Dukes win state-level honor
Cumberland High School’s varsity football team had a difficult season in terms of wins and losses, going 1-9, but it thrived in terms of character, and its sportsmanship will now be known throughout the state.
The Chuck Grasser Sportsmanship Award is handed out in each of the six Virginia High School League (VHSL) classifications — Groups 1A through 6A — and is voted on by referees who worked the games during the football season. The Dukes were voted as the honoree for 1A.
“It means a great deal,” Cumberland Principal Jeff Scales said. In football, “with the temperaments and the actions that can be right heated, it’s wonderful to see that our students are following the lead of their coaches and the expectations of the administration in the athletic department.”
Cumberland Athletics Director Alfonso Bell said this is the football program’s first time receiving the award.
“We always encourage our athletes and students to be respectful at all times, during wins and losses,” Bell said. “We would love to have a championship trophy, but we still have work to do. We will be proud of this sportsmanship award — it is part of our athletic growth as a program.”
Ed Knapp, Cumberland’s head football coach, became well aware over the course of the season that his team commanded the respect of the referees.
“It was remarkable this year,” he said. “After games, officials would generally come up to me and say, ‘I just want to let you know how well your team behaves on the field,’ as far as the way we interact with both the other team and the officials and how organized and how good we are on the sidelines, not just the players but the staff in interacting with the officials.”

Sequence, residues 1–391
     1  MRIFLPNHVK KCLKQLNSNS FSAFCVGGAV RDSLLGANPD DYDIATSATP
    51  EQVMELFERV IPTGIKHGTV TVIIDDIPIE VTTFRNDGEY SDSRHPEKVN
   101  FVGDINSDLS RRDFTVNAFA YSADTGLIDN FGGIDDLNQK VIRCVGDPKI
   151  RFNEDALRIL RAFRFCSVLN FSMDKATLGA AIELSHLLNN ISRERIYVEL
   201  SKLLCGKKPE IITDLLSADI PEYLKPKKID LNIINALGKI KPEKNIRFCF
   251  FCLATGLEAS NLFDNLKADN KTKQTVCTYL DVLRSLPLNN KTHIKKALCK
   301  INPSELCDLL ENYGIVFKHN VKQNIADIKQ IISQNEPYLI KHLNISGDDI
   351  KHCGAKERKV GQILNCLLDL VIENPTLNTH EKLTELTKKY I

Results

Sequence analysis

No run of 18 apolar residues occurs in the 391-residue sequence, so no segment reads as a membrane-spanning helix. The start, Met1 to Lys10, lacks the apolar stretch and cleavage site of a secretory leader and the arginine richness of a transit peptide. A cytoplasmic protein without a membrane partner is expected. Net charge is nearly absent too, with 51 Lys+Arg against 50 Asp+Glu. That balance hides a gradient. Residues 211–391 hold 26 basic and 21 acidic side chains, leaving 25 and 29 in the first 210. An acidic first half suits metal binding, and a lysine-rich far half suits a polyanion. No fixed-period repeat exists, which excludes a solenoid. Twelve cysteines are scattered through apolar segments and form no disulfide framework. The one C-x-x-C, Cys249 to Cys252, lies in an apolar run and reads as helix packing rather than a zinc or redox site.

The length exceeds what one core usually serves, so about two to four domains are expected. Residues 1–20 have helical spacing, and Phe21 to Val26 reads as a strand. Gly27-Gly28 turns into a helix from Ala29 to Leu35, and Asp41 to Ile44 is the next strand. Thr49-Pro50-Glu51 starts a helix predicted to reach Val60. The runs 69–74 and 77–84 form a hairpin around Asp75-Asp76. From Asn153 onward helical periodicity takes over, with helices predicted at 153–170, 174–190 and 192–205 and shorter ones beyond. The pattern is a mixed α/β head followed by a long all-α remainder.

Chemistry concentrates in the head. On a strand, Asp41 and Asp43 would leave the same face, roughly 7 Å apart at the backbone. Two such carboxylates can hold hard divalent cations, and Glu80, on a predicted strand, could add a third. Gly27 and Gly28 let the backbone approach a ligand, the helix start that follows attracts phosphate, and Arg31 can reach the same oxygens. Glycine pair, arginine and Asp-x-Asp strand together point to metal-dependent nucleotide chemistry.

Knapp said it is easy to get discouraged when coming off a 1-9 year, but it is nice to have a third party come in and say it respects the way you play the game, which is an important part of what he and his staff are trying to teach their players in addition to helping them find ways to win.
“You’re trying to build young men into stronger young men through the activity of football,” he said. “One of the things that we really started preaching when I came here to Cumberland was accountability. You have to be accountable for your own actions, you have to be accountable to the team, you have to be accountable to yourself.”
Knapp knows that when he tells his players to never embarrass themselves, their family or the program, the process starts with him and his staff.
“We’re pretty intense guys — I know that I am,” he said. “I can be pretty fiery, but you won’t see us lose control on the sidelines. As a football coach, you have to model the behavior you want to see. So, if I want my team to be under control and to be focused, then I have to be under control and focused.”
He said he is proud of his players for getting better at having a controlled fury on the field and not just a mania.
Earlier this year, Cumberland was named co-recipient of the 2015-16 James River District Sportsmanship Cup for its character demonstrated across all sports. The Grasser award is the latest evidence that the school is doing something right in its culture-building.
“We still want to win all the games and play hard, but it is an indication that we’re headed in the right direction and doing it the right way,” Knapp said.
Cumberland will be presented with the trophy during the All-Metro banquet Jan. 26 at the Touchdown Club of Richmond.
Bell, Knapp and Assistant Athletics Director Travis Gilliam will be going, accompanied by three football players.
“They’re the guys who really won us the award,” Knapp said of the players, “so it’ll be a really good event for our kids to see.”